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COLUMN ONE : Karachi's Chaos May Be Costly : The woes of Pakistan's richest city, which is awash in murder and mayhem, may drive away what the country needs--foreign investment.

March 23, 1995|JOHN-THOR DAHLBURG | TIMES STAFF WRITER

KARACHI, Pakistan — The day two employees of the U.S. Consulate were ambushed and murdered, the Karachi Stock Exchange's KSE-100 index dropped 29 points, or 1.5%.

But the average rebounded the next day, after traders had time to reflect. The slaying of the Americans, they concluded, might not be all bad.

"Finally we may get some honest people here," said broker Yasin Lakhani, the exchange's immediate past president. "Finally, something may be done."

If a city can have a nervous breakdown, Karachi, one of the world's great metropolises and Pakistan's largest and wealthiest city, is surely in the throes of one.

While Prime Minister Benazir Bhutto faces many problems--from drug mafias to a rabid political opposition--Karachi's turmoil is the greatest and most urgent one.

"Come and invest in Pakistan; your investment is very safe," Lakhani joked. "Only your life is not safe."

The afternoon when the stockbroker spoke to a visitor in his cubbyhole office, police had just cleared the exchange because of a bomb threat, forcing clerks and brokers onto the street next to the gauzy awnings where bookies take illegal wagers on cricket games.

Take a taxi to the airport along Shahrah-e-Faisal, the road where the Americans were ambushed March 8 while riding in a consulate van, and the cabby may exceed 75 m.p.h. to avoid trigger-happy snipers.

Karachi's boiling stew of ethnic, political and sectarian tensions has even reached the newsroom of Dawn, the city's most famous newspaper.

There, staff members from Islam's minority Shiite sect joke--but is it really a joke?--about altering their names to sound like those of majority Sunnis, so it is less likely they will be prey for armed Sunni zealots.

This troubled seaside city of 10 million people has become the Indian subcontinent's most violent and dangerous, with no end in sight. A few snapshots:

* Armed robbers held up a computer trading company across from the Central Police Office and netted more than 500,000 rupees, or $16,000. The frantic victims summoned police. It took officers 45 minutes to cross the street.

* Murder and kidnaping have sown widespread fear: Prominent business people, a well-known journalist and an aide-de-camp to a senior army officer were among the more than 1,260 people slain since the beginning of 1994. No one feels safe. Mosques have been bombed and invaded by assassins packing AK-47s, and tradesmen have been murdered as they served customers in their modest curbside shops. Four paramilitary Pakistani Rangers recently were abducted, bound hand and foot, and shot in the head. Their corpses turned up on a garbage heap.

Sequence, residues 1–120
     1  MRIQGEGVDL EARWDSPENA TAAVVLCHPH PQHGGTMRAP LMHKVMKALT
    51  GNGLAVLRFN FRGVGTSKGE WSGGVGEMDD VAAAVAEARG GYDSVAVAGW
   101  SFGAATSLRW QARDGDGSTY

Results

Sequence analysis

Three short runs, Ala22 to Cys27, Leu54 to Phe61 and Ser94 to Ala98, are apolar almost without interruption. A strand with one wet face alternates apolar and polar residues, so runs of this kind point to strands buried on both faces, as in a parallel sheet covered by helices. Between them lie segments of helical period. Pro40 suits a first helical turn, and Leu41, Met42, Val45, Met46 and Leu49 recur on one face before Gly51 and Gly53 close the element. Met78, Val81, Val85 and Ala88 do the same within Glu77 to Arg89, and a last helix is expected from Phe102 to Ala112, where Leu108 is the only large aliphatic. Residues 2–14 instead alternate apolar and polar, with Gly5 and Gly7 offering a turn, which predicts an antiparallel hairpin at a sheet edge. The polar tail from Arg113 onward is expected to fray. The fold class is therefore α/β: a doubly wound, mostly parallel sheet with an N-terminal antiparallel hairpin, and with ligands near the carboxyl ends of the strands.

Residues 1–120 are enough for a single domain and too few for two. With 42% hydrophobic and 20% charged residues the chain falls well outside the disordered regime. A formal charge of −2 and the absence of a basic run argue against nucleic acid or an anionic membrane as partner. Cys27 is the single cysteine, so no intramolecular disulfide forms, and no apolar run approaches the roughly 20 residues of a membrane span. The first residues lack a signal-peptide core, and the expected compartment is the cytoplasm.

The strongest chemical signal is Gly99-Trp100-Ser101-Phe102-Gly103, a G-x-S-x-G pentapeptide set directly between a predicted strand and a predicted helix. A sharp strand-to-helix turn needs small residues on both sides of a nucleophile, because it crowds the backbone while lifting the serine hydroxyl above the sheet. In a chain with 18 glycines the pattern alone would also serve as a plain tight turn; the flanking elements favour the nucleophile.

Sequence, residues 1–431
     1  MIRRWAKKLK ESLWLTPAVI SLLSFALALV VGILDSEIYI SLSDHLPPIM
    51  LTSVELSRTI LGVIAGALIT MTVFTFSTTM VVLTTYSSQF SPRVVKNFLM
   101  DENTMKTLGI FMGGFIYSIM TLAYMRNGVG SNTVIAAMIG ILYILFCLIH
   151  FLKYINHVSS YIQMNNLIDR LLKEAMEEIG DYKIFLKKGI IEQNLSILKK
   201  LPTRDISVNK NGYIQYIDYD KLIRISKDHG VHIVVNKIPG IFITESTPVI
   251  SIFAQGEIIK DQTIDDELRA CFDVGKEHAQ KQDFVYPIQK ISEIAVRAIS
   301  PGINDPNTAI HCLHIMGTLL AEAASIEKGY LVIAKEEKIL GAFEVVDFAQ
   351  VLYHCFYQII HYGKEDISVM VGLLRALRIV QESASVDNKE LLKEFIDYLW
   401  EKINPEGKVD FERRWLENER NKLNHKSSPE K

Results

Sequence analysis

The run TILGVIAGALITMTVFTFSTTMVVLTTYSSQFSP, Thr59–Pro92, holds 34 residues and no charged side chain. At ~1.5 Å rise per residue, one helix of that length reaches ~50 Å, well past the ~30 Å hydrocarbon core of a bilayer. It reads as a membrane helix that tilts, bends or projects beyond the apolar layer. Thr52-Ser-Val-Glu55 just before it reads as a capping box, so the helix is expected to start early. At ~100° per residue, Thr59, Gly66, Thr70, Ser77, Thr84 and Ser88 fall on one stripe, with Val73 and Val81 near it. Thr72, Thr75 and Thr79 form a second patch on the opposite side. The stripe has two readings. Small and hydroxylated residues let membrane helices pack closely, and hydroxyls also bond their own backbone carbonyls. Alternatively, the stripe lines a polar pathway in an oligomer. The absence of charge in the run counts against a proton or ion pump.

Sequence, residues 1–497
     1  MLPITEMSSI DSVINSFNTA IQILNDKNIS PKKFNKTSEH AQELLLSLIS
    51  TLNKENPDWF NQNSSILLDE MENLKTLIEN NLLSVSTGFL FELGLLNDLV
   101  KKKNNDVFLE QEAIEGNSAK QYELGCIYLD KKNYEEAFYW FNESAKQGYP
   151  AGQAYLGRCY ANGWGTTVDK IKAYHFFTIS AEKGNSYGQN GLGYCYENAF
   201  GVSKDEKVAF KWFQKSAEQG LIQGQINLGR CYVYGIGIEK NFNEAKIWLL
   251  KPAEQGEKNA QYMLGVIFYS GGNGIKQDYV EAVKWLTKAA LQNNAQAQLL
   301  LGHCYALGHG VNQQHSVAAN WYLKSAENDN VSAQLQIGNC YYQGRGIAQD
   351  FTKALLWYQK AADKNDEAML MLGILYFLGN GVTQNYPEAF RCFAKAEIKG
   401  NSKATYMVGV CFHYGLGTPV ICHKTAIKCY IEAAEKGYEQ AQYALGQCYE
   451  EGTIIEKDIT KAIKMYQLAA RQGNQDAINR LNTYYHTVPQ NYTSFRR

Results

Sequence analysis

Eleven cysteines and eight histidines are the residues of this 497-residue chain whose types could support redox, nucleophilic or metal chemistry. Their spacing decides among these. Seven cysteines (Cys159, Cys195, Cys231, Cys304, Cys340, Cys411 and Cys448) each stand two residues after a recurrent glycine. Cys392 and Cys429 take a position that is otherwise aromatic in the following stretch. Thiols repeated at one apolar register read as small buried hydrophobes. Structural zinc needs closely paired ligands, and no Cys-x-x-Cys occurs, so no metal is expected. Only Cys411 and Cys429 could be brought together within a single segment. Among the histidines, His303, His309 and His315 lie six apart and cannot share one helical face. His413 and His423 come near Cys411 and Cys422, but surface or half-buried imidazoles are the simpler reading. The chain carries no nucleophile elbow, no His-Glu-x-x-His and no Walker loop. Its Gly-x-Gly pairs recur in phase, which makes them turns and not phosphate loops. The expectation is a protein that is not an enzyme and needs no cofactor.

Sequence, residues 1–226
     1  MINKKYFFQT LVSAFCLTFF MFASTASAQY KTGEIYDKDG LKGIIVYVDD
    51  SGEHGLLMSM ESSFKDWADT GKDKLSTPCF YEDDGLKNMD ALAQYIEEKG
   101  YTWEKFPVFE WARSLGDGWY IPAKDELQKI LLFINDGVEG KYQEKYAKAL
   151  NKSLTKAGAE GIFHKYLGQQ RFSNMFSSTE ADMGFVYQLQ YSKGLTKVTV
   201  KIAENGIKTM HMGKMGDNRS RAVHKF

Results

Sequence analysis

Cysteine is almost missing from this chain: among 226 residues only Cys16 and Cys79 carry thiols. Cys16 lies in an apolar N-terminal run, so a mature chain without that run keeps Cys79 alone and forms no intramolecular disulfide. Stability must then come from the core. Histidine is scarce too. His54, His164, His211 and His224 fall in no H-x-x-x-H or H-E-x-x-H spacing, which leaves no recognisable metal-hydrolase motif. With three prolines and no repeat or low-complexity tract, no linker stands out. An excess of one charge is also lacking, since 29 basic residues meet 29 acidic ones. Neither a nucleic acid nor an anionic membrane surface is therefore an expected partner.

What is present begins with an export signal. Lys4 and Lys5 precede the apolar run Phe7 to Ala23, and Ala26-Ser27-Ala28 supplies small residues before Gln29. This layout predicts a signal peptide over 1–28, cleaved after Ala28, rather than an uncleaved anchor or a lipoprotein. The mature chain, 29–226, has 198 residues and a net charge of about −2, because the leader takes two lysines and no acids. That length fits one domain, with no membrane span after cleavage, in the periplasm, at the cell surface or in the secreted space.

* Karachiites dismiss police as cowardly and more interested in bribes than in restoring order. In any event, police have been wholly ineffective at halting the violence. Nightly, 110 mobile units patrol the streets, "but they've never confiscated a single firearm," a high-ranking police official complained. Constables are scared and demoralized. "If we catch anyone, it's by chance," the official admitted. "We've become nothing more than a registration agency."

Karachi, Pakistan's only major port, accounts for about two-thirds of the country's trade and industry and almost half of its gross domestic product.

"The progress of Karachi is synonymous with the progress of the nation," said Nisar A. Memon, general manager in Pakistan for IBM. If so, some business people say, this city and the nation are in trouble.

At the Top Taste bakery, bakers are turning out 2,900 pounds of bread a day, 35% less than last year. Crime and the fear of crime have shut many shops and bazaars, eating into Top Taste's sales.

Frightened by the unrest, 15 migrant laborers who lived with their families on the bakery's fourth floor have gone back to their native Punjab.

"Business is over here; it's finished," manager Malik Asif lamented.

Last March, the 29-year-old businessman picked up his .32-caliber pistol and shot to death two of three burglars who broke into his home. In a polite but menacing letter, the survivor, who is now on trial, has threatened to come after Asif unless he is set free.

"The courts will probably never convict him, they're so corrupt," a police officer said.

According to police sources, prisoners on trial in Karachi have bribed guards so they could slip out of court and commit new crimes, secure in the knowledge that their trials gave them a cast-iron alibi.

Bhutto insisted on Tuesday that in Karachi's sprawling 500 square miles, "police are not overwhelmed." During a visit this month to the city beside the Arabian Sea where she was born 41 years ago, Bhutto noted that Karachi is not the only big city plagued by crime and violence.

"The city is a little bit like New York or Bombay, where there are areas of problems, but areas where there is also growth," Bhutto said.

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